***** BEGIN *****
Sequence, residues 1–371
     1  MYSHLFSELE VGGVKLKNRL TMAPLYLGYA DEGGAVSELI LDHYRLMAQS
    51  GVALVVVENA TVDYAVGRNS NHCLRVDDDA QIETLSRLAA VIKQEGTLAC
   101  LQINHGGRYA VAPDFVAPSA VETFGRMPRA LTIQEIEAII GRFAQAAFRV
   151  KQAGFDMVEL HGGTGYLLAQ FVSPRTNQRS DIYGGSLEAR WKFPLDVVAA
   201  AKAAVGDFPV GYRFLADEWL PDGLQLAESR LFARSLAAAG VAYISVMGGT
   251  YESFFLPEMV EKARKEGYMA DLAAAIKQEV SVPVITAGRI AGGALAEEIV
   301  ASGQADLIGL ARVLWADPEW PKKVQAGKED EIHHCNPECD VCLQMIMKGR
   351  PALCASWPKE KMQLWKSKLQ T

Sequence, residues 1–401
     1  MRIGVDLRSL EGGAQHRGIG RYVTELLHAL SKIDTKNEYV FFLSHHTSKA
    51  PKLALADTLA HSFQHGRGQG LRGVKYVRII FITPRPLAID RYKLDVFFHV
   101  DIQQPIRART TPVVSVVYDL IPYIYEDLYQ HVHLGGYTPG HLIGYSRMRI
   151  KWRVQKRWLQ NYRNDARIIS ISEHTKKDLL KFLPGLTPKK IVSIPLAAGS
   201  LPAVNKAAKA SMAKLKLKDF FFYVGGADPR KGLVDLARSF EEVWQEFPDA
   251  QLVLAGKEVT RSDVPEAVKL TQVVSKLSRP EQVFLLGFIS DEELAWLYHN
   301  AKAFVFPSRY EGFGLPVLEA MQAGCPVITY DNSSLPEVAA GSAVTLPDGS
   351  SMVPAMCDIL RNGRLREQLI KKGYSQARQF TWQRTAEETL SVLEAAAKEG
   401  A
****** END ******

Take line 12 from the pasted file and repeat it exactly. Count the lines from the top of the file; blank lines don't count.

    51  PKLALADTLA HSFQHGRGQG LRGVKYVRII FITPRPLAID RYKLDVFFHV